Tuesday, May 18, 2010

FYI: 6th Cir Rejects Debtor's "Fraudulent Concealment" Argument in FDCPA Case

The U.S. Court of Appeals for the Sixth Circuit recently held that a consumer plaintiff's claims were barred by the FDCPA's one year statute of limitations periodand that the exception to the statute of limitations for circumstances where a party fraudulently conceals information that prevents another party from discovering its wrongdoing did not apply to the particular facts in this case.  A copy of the opinion is attached.

Defendant Unifund, a debt collector, sued plaintiff, a consumer, to collect a certain debt owed by plaintiff.  Plaintiff filed affirmative defenses and counterclaims, raising Unifund's lack of capacity to sue and alleging that Unifund violated the FDCPA by misrepresenting plaintiff's debt.  Both parties eventually dismissed their claims against one another.  Plaintiff then sued Unifund in state court, reasserting her claims from the debt collection action.  Unifund removed the case to federal court and moved to dismiss the action on statute of limitations grounds.  The district court ruled in favor of Unifund on its motion to dismiss, holding that because plaintiff filed her suit over a year after she had been served with the FDCPA complaint, which was when her claim accrued, it was barred by the FDCPA's one year statute of limitations, 15 U.S.C. § 1692k(d).  The district court further rejected plaintiff's claim that Unifund had tolled the statute of limitations by fraudulently concealing its lack of capacity to sue.  This appeal followed.

In affirming the district court's ruling in favor of Unifund, the Sixth Circuit looked to the generally accepted principle that it will not extend the statute of limitations "by even a single day," with limited exceptions.  One exception to this rule applies to defendants who fraudulently conceal their wrongdoing and thus prevent a plaintiff from filing suit during the limitations period.  The court found that plaintiff's claim did not fall into this limited exception given that she could not show that: (1) there was concealment that (2) prevented plaintiff from discovering Unifund's wrongdoing during the period and (3) that she exercised diligence in trying to uncover Unifund's conduct.  The court noted that plaintiff's own actions showed that Unifund did not prevent her from raising her FDCPA claims during the limitations period, given that plaintiff herself raised the same claims in the debt collection action.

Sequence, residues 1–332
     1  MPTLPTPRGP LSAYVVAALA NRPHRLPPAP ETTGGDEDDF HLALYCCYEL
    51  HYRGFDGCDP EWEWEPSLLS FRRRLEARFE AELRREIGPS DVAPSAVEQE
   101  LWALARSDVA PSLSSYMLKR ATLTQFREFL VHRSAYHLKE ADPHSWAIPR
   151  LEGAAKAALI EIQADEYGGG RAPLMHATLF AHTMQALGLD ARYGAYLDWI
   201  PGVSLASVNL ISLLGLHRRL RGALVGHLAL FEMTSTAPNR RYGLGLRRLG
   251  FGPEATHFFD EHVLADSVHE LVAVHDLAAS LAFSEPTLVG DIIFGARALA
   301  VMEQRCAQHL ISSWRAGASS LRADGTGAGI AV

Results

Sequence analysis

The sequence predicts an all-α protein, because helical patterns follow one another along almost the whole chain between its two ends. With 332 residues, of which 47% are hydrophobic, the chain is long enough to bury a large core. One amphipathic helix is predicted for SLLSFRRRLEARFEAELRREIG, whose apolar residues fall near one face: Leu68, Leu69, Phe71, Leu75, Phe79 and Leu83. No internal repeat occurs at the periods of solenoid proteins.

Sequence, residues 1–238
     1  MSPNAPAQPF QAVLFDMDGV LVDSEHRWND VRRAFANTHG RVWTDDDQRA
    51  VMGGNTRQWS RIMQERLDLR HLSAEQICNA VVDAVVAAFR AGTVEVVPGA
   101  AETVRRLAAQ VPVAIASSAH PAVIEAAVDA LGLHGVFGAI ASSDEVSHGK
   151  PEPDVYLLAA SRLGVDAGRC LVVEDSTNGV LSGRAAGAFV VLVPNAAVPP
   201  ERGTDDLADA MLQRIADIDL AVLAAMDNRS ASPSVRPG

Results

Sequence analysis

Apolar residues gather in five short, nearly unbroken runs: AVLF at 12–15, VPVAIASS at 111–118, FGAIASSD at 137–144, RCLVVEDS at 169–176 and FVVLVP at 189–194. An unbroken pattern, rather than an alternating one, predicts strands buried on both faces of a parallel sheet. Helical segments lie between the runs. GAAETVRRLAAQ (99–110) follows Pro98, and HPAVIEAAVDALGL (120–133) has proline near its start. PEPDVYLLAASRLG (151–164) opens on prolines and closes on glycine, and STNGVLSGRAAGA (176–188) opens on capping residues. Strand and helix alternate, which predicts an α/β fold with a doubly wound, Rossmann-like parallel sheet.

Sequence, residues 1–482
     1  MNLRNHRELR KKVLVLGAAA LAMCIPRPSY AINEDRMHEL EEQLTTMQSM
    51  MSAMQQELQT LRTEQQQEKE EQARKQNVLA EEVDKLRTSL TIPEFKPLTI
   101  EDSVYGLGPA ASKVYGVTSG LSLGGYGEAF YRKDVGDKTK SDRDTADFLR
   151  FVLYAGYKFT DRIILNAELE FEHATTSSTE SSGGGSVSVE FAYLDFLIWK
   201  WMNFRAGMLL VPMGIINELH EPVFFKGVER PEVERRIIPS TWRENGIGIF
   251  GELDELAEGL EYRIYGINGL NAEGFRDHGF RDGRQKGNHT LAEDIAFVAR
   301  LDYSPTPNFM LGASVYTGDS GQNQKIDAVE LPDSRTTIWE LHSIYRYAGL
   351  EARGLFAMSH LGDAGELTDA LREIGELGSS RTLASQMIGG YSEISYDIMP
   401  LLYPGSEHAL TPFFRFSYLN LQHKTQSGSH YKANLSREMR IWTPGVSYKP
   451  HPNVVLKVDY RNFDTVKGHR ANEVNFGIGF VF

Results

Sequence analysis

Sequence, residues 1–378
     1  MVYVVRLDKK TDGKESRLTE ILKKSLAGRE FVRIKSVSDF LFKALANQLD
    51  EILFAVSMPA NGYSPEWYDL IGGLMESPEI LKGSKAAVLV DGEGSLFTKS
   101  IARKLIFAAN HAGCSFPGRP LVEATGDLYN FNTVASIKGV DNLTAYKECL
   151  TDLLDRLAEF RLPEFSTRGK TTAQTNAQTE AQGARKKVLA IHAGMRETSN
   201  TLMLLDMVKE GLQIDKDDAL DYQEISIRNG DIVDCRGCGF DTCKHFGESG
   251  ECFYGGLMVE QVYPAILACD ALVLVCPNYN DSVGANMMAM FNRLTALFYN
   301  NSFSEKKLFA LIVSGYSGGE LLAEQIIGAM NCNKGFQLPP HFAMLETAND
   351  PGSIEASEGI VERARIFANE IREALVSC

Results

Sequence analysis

Even though Unifund had been delinquent in providing discovery to plaintiff in the debt collection action, the court found that publicly available information would have told plaintiff what she needed to know, and that the record showed that plaintiff had ample reason to look at such public records. 
Let me know if you have any questions.  Thanks.


Ralph T. Wutscher

Kahrl Wutscher LLP

The Loop Center Building

105 W. Madison Street, Suite 2100
Chicago, Illinois  60602
Direct:  (312) 551-9320 

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